Brown’s studies of learning and memory at the University of Southern California in the early ’80s earned him a B.A. in psychology. Between 1985 and 1986, he did research on electrical brain stimulation at New York University, obtaining a master’s degree in psychobiology. His inquiries eventually led him into the realm of parapsychology: He’s the man behind the California-based research for biologist Rupert Sheldrake’s books “Dogs That Know When Their Owners Are Coming Home” and “The Sense of Being Stared At,” both of which presented scientific studies of unexplained phenomena. Brown’s knowledge of such mysteries, as well as of technology, smart drugs, health, psychedelic research and sex-drug interaction, have landed him guest spots on shows like HBO’s Real Sex, Fox’s A Current Affair, PBS’s Nature, ViaCom’s The Montel Williams Show and the BBC and Discovery Channel’s Animal X.
Journey with us, if you will, through the labyrinth of Mr. Brown’s mind …
GOOD TIMES: Tell me about the electrical brain stimulation research you’ve done.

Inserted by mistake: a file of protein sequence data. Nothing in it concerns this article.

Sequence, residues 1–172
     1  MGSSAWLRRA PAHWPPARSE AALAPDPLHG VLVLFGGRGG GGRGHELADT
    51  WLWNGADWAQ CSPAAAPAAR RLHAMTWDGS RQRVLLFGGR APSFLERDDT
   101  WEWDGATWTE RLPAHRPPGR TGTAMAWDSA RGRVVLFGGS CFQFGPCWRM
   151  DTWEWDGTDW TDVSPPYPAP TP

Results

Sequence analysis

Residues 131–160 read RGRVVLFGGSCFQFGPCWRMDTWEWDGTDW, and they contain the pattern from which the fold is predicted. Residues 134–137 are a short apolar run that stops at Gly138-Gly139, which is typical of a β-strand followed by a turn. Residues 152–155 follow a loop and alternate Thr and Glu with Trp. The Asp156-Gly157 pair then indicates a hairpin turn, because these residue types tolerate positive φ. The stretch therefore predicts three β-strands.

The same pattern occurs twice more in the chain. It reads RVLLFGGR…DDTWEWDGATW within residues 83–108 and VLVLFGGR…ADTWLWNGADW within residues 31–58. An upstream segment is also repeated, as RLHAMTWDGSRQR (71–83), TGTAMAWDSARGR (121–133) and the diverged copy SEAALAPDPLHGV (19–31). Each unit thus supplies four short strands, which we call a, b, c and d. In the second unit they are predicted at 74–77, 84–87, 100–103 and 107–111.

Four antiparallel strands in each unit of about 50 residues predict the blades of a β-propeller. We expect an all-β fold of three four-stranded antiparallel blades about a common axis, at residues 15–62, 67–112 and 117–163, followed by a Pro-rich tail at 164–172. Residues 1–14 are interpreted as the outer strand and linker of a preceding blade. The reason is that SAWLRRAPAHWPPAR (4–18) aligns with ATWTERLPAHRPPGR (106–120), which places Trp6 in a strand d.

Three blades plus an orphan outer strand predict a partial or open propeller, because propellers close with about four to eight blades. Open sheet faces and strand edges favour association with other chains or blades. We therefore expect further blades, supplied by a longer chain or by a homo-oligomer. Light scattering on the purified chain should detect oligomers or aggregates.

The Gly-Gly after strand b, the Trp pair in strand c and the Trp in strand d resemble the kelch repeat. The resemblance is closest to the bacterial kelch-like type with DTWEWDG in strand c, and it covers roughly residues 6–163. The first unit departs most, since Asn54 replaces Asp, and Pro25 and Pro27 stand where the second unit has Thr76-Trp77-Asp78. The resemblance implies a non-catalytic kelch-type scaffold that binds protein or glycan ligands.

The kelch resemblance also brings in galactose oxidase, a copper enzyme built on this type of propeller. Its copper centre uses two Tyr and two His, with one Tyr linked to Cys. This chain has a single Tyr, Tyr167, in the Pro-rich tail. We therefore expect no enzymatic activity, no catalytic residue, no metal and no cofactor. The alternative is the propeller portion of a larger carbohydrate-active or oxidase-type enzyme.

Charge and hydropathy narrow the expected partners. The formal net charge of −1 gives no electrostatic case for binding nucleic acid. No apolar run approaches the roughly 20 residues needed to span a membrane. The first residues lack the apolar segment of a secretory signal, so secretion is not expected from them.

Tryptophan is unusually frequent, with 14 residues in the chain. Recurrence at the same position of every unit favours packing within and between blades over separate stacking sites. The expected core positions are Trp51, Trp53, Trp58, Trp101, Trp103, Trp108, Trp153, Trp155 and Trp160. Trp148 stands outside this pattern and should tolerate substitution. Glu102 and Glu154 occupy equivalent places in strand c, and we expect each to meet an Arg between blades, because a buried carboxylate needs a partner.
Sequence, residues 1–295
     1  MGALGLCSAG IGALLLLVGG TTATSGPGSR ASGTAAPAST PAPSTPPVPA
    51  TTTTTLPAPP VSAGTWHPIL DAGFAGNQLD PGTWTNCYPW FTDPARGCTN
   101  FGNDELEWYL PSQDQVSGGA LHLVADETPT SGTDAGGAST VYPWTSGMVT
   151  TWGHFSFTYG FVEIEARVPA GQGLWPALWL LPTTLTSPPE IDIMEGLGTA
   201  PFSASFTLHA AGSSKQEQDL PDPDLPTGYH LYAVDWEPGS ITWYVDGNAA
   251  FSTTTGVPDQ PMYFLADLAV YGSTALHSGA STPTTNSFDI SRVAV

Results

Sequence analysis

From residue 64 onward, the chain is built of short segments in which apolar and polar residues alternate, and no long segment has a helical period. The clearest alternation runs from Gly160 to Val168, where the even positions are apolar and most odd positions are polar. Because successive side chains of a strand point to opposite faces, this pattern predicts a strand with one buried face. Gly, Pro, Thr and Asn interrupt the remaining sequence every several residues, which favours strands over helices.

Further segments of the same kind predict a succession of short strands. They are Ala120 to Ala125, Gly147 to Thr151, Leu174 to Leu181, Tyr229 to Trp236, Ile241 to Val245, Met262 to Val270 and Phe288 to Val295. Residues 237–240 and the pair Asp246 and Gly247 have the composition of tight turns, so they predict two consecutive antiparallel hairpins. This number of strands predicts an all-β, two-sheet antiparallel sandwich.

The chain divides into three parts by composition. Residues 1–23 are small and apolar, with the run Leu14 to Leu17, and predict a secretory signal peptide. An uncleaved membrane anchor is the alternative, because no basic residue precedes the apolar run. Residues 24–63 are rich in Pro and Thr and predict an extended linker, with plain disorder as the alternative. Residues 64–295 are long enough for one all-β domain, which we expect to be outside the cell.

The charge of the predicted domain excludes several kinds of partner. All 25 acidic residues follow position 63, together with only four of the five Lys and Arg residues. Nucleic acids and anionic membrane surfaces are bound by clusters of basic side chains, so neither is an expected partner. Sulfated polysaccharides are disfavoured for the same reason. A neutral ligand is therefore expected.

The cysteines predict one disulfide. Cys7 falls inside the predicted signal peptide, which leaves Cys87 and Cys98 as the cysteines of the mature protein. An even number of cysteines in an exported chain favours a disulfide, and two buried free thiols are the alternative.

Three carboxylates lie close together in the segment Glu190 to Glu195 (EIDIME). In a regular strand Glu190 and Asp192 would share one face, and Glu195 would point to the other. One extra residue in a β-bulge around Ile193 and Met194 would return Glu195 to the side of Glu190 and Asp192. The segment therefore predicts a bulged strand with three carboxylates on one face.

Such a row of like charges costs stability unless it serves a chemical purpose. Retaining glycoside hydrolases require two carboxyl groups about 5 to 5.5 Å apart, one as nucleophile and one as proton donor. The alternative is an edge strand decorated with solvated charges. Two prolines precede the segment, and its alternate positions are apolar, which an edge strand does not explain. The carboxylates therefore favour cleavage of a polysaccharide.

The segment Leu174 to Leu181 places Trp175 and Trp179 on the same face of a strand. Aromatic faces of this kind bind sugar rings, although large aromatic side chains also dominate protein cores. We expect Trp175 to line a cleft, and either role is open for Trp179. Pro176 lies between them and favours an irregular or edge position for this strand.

DAVID JAY BROWN: When I was at New York University, I did research for years where I surgically implanted electrical stimulating probes into the lateral hypothalamus of rats, which is a pleasure center. I would watch rats press a bar that delivered an electric current into their brain center over and over and over again until they fell asleep from exhaustion. Then they would wake up, and there was food sitting next to them, water sitting next to them and a mate sitting next to them. They ignored all three and would continue to press that bar over and over again to get the reward stimulation over survival instincts. The other area of research I was involved in was at University of Southern California, and it was the exact opposite of the research I did at NYU, where I was surgically implanting electrodes into the brain centers of mammals and stimulating them: In this case I was inserting cold probes, which are devices that actually freeze or inhibit a certain part of the brain temporarily, so you can see how the animal operates with that one part of the brain missing, and how they operate when that part of the brain comes back. The anesthetic that we gave to the rabbits prior to surgery was a drug called ketamine. I took some of this ketamine home and experimented on myself with it. After injecting 50 milligrams of ketamine chloride into my right thigh muscle and turning the lights out, I suddenly “realized” that my professors and my fellow researchers and colleagues at USC were in reality extraterrestrials—that they were scientists who were there not to study rabbits; they were there to study me. I was the test subject, and they’d left this bottle of ketamine out for me to take. They were watching me right at this moment with a video camera. And suddenly I found myself in a cage with cold probes implanted in my brain and giant rabbits all around me. They were measuring me, and I was naked and helpless. Suddenly, I snapped back into my body. I did not continue very much longer in that program after experiencing what I was experiencing from the rabbit’s point of view. That’s what ketamine taught me: what the rabbit was experiencing from what I was doing.